This is an update to a previous post reporting some very interesting results from the Embedded Figures Test, now that nearly 500 results are in. A specific signature has emerged, which (if it remains under more controlled conditions) would enable a clear comparison with existing tests of cognitive flexibility.

To recap: The Neuroscience page describes lab tests which show how cognitive flexibility is adversely affected by even slight stress, and the Implications for Software Engineers page discusses the need for exactly this kind of flexibility if we are to juxtapose multiple considerations in our minds and be good at programming - or any other kind of creative work.

The problems with most tests of cognitive flexibility are that they are costly to administer and they are not repeatable per subject. Once a subject has seen a given test it won’t be a puzzle again, so we can’t apply it once, alter the conditions and try it again. To apply this stuff in industrial contexts, some way to objectively identify high value initiatives quickly and efficiently would be really good.

The EFT resembles some known tests of cognitive flexibility, it is repeatable per individual and can be automated. So if it does vary with stress then it could be very useful. Of course, the experiment on this blog is only indicative - because the self-assessment of stress is quite simplistic and the test conditions are not closely controlled it can’t produce definitive answers. For one thing, if the mouse and screen that people are using are very different, that could easily distort the results. But if it looks promising, it might give professional psychologists an incentive to look at it in more controlled conditions. Hopefully the large number of results now collected will average out things like the responsiveness of mice.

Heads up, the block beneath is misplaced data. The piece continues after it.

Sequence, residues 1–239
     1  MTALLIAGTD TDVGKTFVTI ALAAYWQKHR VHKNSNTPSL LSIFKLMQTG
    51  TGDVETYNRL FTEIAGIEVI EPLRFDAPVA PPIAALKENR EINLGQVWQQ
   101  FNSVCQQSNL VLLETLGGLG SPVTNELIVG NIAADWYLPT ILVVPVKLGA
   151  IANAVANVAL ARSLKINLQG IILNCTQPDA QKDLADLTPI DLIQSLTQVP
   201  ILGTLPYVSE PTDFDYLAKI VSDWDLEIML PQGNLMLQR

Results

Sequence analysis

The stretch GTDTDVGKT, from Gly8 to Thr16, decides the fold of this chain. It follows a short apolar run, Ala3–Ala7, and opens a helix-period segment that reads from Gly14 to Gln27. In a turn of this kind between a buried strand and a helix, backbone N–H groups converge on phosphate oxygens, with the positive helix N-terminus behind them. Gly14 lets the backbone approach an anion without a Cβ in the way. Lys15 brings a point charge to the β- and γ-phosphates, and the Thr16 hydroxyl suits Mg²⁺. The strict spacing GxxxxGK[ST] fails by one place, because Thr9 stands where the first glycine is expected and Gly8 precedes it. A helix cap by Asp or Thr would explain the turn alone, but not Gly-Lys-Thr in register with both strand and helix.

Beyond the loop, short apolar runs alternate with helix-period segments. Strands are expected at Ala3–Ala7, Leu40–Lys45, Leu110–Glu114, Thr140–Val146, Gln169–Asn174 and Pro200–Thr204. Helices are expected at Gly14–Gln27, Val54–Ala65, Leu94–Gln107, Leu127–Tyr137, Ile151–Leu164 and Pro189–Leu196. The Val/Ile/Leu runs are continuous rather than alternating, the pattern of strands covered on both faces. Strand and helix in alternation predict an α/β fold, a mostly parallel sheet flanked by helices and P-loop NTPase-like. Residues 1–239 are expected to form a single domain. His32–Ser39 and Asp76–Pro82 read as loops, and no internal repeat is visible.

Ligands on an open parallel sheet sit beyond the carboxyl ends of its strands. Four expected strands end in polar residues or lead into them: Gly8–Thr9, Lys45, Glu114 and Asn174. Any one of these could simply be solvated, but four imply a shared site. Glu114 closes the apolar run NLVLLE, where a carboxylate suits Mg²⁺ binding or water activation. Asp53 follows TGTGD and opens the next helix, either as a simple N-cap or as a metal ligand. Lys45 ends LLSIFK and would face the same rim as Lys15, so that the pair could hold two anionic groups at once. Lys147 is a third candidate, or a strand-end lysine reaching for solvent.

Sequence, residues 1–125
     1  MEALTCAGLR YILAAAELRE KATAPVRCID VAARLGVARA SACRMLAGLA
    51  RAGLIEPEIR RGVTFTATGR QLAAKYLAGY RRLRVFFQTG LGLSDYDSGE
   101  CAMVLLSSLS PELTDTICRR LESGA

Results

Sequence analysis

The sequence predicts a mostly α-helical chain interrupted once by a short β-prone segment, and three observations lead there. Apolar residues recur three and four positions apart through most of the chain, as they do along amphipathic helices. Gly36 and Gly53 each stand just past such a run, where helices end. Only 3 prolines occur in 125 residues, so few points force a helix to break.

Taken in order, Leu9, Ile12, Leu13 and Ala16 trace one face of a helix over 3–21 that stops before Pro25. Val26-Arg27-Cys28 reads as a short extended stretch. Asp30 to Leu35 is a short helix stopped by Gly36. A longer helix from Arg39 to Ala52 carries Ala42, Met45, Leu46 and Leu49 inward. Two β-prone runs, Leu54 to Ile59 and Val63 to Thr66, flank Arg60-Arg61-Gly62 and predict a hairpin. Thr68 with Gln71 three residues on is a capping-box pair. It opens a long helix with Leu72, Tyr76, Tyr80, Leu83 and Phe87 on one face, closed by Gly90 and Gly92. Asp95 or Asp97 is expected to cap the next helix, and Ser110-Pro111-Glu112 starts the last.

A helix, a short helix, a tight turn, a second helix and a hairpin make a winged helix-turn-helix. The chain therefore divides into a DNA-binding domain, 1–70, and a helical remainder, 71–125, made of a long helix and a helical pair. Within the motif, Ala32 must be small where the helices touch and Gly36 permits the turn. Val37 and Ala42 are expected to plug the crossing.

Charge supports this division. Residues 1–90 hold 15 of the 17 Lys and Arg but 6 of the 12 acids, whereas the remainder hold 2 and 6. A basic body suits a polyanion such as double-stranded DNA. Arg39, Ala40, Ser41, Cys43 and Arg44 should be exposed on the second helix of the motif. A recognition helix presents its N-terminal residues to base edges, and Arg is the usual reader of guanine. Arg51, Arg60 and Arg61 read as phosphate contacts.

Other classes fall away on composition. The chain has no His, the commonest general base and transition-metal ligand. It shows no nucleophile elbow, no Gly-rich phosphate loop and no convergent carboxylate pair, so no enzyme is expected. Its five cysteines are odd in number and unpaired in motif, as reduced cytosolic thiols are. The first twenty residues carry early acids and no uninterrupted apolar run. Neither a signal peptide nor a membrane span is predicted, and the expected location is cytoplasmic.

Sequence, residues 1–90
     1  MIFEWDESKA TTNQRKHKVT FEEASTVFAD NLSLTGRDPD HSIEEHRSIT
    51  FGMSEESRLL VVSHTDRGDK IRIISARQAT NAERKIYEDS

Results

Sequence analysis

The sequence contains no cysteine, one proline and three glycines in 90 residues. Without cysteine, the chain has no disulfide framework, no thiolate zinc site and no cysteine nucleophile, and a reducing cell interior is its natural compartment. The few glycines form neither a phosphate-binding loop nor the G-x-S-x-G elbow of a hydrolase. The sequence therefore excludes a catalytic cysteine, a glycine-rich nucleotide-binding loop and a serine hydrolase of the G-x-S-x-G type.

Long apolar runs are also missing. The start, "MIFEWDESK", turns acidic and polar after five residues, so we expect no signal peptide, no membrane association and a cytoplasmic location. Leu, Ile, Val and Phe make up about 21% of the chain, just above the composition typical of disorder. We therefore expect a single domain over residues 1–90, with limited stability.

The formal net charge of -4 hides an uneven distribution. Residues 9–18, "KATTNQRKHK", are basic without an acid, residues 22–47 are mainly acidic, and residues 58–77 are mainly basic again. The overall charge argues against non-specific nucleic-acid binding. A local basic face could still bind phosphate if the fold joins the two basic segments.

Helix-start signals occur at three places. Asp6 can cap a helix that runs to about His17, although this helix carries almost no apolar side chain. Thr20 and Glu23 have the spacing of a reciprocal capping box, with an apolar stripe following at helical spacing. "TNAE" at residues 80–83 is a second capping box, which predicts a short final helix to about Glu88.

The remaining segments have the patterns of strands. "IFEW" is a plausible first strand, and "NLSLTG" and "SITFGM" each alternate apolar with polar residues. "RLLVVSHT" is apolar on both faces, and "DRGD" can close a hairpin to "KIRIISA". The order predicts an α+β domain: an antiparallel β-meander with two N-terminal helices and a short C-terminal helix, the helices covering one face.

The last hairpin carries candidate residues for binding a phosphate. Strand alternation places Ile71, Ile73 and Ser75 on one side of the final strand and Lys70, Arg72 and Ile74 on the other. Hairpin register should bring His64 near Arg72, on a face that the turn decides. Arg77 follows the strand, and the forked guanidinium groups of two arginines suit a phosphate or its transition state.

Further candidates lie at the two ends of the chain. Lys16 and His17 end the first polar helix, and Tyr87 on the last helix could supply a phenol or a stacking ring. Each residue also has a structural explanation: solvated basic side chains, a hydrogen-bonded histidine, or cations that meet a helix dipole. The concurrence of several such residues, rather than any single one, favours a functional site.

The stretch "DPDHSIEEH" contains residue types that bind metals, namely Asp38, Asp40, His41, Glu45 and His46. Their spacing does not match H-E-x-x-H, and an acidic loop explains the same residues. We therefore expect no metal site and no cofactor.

Within these limits, the results so far look quite promising - and a specific signature has emerged. As before, you can download the raw data eft11oct2009.txt and the analysis program: EftAnalyzer.py. On my Mac at least, I simply downloaded and installed wxPython, and the program ran from the command line. Then use File/Open… to select the data file. The graphs here are screenshots from MacOs X. You can also grab the data, program, and copies of all 24 graphs I’m currently drawing in one download: eft11oct2009-all.tar.gz.